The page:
Knowledge, confidence, and fun: First time conference goers (and physiotherapy students) reflect on the ACPSEM “Physios in Sport Young Athlete Conference”

Association of Chartered Physiotherapists in Sport and Exercise Medicine blog series @PhysiosinSport

By Jazz Shiret and Aoife Bannon
young phyiosOur recent experience volunteering at the ACPSEM “Physios in Sport Young Athlete Conference,” held in early October at the wonderful Amex Stadium in Brighton, dispelled a stereotype (commonly held by conference newbies) that a “conference” is just full of unapproachable people in suits, giving ‘expert’ presentations, packed-with complex terminology.

We were really excited to volunteer, but as the time got closer  we realised that we would have to make conversation with these ‘well-dressed experts.’ We got slightly nervous.

How do I approach them? Would they want to talk to me, a student? What questions can I ask? Will I sound stupid? Will I understand what they are talking about?

Dispelling the fears with on the ground experience…

Five impressions stood out over the first two days:

  1. Despite unique areas of focus related to the prevention and treatment of young athletes, many of the speakers’ ‘key findings’ had a high degree of relate-ability to a range of sporting environments. From football, to golf, ballet, and gymnastics, we learned that a physio’s primary focus should always be on the development and well-being of the child and their enjoyment of their sport.
  2. The passion and wealth of knowledge that the speakers showed for their interest areas was really inspiring. As one example, a presentation on safeguarding children within a club or organised sport environment highlighted the importance of ethics. We learned: (i) our responsibility is collective, with the child’s interests and health being of paramount importance (ii) the language we use when dealing with young athletes can be a powerful and determining factor in successful management (iii) we must be aware of the reaction that our choice of words could bring about and how this can impact their understanding and form their attitudes permanently.
  3. The conference provided insight into the physiotherapist’s role in a sports club setting (and also showed the similarities to a more traditional MDT seen on our placements). The presenters suggested that the most effective practice requires excellent communication skills, a level of understanding of each discipline and how the roles interlink. A number of speakers mentioned great insights: (i) the importance of gaining the coaches trust and confidence (ii) Good communication between players/children or adolescent, their families and coaches is essential (ii) Correct diagnosis and understanding how training volumes affect injury risk is important, and explaining this to young patients, parents and coaches in language that is meaningful and respectful of them is vital. (iii) The process of returning our athletes back to training and competition following injury or an off season break can be helped by using technology like GPS to monitor the load placed on athletes during these times.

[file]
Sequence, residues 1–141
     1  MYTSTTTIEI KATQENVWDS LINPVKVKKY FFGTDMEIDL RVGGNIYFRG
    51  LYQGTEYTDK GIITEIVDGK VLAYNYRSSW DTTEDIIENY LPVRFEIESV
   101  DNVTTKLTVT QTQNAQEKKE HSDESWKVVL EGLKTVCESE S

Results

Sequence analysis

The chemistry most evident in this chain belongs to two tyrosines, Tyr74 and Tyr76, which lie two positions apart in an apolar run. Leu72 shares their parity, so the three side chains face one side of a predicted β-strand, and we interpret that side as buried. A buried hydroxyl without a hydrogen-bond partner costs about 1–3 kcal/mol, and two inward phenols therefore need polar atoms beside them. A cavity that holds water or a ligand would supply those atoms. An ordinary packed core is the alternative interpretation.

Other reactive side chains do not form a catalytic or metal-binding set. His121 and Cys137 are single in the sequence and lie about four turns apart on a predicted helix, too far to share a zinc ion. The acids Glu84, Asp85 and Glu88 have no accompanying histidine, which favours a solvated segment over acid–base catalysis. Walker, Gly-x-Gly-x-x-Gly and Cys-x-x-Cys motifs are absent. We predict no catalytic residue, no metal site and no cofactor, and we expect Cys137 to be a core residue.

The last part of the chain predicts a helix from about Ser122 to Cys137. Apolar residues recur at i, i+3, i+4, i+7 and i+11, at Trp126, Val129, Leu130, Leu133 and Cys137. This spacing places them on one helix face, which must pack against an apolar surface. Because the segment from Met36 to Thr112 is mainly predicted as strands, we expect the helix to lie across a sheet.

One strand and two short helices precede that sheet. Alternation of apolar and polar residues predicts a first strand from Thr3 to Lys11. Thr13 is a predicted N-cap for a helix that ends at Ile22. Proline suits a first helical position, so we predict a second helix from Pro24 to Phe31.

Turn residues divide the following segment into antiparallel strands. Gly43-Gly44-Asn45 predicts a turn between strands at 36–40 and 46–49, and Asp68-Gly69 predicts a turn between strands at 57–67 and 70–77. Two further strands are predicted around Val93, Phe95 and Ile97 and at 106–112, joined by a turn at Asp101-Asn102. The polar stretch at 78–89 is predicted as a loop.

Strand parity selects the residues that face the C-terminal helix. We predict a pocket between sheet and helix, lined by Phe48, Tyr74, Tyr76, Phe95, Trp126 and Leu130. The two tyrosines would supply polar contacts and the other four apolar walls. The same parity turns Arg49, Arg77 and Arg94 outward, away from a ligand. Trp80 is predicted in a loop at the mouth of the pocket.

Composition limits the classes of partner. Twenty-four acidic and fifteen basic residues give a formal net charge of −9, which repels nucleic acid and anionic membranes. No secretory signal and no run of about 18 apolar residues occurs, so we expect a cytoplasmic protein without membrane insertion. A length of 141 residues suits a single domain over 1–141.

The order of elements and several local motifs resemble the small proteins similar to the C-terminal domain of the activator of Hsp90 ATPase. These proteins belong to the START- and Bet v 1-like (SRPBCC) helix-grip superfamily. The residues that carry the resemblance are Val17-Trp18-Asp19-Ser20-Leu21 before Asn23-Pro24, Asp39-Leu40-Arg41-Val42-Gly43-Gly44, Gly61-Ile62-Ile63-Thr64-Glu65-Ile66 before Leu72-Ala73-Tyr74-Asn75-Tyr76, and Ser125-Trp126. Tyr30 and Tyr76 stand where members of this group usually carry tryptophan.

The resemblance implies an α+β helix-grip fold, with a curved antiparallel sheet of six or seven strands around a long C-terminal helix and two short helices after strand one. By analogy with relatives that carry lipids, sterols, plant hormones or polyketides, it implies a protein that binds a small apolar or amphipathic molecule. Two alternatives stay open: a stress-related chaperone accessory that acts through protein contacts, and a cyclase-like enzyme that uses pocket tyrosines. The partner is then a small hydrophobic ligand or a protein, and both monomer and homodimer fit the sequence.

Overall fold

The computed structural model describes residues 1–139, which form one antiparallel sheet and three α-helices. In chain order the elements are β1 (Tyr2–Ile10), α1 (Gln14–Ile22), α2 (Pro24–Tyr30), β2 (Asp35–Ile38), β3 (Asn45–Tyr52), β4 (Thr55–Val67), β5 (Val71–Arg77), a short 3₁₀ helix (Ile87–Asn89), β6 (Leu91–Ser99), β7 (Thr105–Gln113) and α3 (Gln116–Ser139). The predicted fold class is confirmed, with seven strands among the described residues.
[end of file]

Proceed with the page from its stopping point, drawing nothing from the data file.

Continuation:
4. It was also interesting to hear about hot topics such as concussion and head injury (Dr Jonathan Hanson @sportsdocskye), screening young athletes for cardiac problems as early as possible (Dr Andrew D’Silva) and Apophysitis Syndromes (Jenny Strickland).
  5. A final message we took away from the two days was to be mindful of the huge individual variation between young athletes even within those of the same chronological age.

Prior to the conference we were concerned that we wouldn’t be able to understand the content of speakers to an advanced depth. Some concepts were definitely new to us, but rather than inflate insecurities, these moments underscored the importance of continuous learning, reflection, and asking thoughtful questions in order to improve our practice.

Also, the multiple opportunities to ask speakers questions one-on-one lessened our nerves about asking a ‘silly question’ in front of the whole audience. It was really lovely to see how most of the speakers happily took time to engage with students by clearly responding to their questions.

Overall this weekend was thoroughly enjoyable and a rich learning experience. It was an inspirational weekend we will not forget!

We now realise that all those ‘well-dressed experts’ are not scary. They are just normal people who share our passion and do in fact most of the time enjoy talking to us students! The relaxed atmosphere contributed to a successful and enjoyable conference by all.

We significantly expanded our knowledge base, but also confirmed there much more to learn.

Bonus conference highlight

rugby w youthWe both wholeheartedly agreed that the conference highlight was listening to the Richard Parks (@RichardParks), former international rugby player turned extreme adventurer, speak about the critical role physiotherapists (and physiotherapy) played in his career. We fortunately got to meet and chat with and his physiotherapist, Nicky Philips (@NicolaPhillPT), as well as getting a cheeky photo with him. We can now safely say that we won’t think twice about going to another conference soon.

Finally we would like to say a very special thank you to Sam Blanchard (@SJBPhysio_sport) and all the committee members for giving us this opportunity and to all the other volunteers who helped make the two days run smoothly.

Hope you enjoyed the blog,

Yours in sport,

Jazz & Aoife

Jazz Shiret (@JazzShiret) and Aoife Bannon (@AoifeBannon) are both 3rd year physiotherapy students at the University of Brighton as well as being student members for the ACPSEM (@Physiosinsport).

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